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American Board of Internal Medicine's workforce data: Residents, fellows and practicing physicians.


Grosso L, Iobst W, Lipner RS, Jacobs C. — American Board of Internal Medicine

Presented: Association of American Medical Colleges Physician Workforce Research Meeting, May 2010

Abstract: Data was presented from two American Board of Internal Medicine's (ABIM) workforce data sources examining physician trends through their careers, beginning in residency training through practice 10 years later.

The ABIM tracking program was started in 1989 to collect clinical competence evaluation data annually for internal medicine residents and fellows in internal medicine subspecialty training. These evaluations are required for admission to the certification process. These data are also useful in estimating the numbers of internists and internal medicine subspecialists entering the profession. They show that from academic year 1998/1999 through 2007/2008, the number of third-year internal medicine residents has been relatively stable with the extremes varying by 6%, from a low of 6,724 in 2002/2003 to a high of 7,126 in 2006/2007. Over this period, the numbers entering a subspecialty fellowship increased by 29%, from a low of 3,140 in 1998/1999 to a high of 4,053 in 2007/2008. These data also indicate that, over the past few years, nearly 60% of those who complete internal medicine residency are entering a subspecialty fellowship. This is up from 47% in academic year 1999/2000.

Internists and subspecialists enrolled in the ABIM Maintenance of Certification (MOC) program are asked to complete a practice survey every 18 months. The survey was launched in 2006 and asks a variety of questions about the physician's activities (e.g., clinical versus non-clinical time). These data provide an overview of the current activities of practicing internists and subspecialists. The current data set includes responses collected from about 56,473 physicians from January 2006 through September 2009. Respondents across all disciplines reported that 70% of their professional time was spent in direct patient care. They also reported that 54% of their direct patient care activity is provided in ambulatory or office settings. Most (65%) spend at least 80 hours a month in direct patient care. General internists (i.e., those with only internal medicine certification) report that 60% of their direct patient care activity is primary care. At the same time, with the exception of geriatric medicine, subspecialists reported that on average 2 – 14% of their direct patient care activity was primary care. Geriatricians report 56%. With regard to the type of practice, a little more than half (56%) reported that they work in a single-specialty practice and overall about 15% are in solo practice.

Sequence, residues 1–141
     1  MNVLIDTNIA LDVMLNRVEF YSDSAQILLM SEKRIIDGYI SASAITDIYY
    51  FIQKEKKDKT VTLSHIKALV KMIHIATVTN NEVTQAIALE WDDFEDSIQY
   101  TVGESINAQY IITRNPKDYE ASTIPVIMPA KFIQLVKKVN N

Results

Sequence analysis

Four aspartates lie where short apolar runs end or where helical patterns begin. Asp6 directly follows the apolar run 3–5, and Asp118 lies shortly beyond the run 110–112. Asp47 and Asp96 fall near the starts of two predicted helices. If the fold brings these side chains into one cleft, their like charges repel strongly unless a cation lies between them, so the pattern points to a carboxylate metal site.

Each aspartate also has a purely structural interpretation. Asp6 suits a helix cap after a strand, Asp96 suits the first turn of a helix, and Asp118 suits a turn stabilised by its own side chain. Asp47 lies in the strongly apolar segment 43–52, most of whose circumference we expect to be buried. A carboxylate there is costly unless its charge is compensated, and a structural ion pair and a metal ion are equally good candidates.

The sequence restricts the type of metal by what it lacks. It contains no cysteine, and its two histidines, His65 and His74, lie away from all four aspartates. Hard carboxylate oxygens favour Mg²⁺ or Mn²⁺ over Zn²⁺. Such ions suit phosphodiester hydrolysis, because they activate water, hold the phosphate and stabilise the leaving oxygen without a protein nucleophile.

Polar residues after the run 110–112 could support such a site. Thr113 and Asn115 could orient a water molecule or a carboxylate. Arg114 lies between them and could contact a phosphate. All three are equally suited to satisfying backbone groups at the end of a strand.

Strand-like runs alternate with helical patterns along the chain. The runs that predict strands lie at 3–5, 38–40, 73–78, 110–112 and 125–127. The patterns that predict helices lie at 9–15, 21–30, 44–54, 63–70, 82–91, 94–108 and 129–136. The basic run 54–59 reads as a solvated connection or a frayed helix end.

The key advantage of these data sources over many others is that both are direct data about and/or from individual physicians in training and in the MOC process. The major limitation, as with many data sources, is the lack of full participation as well as delays in getting data. In turn, it may take several years to get the most accurate picture of the workforce.

For more information about this presentation, please contact Research@abim.org.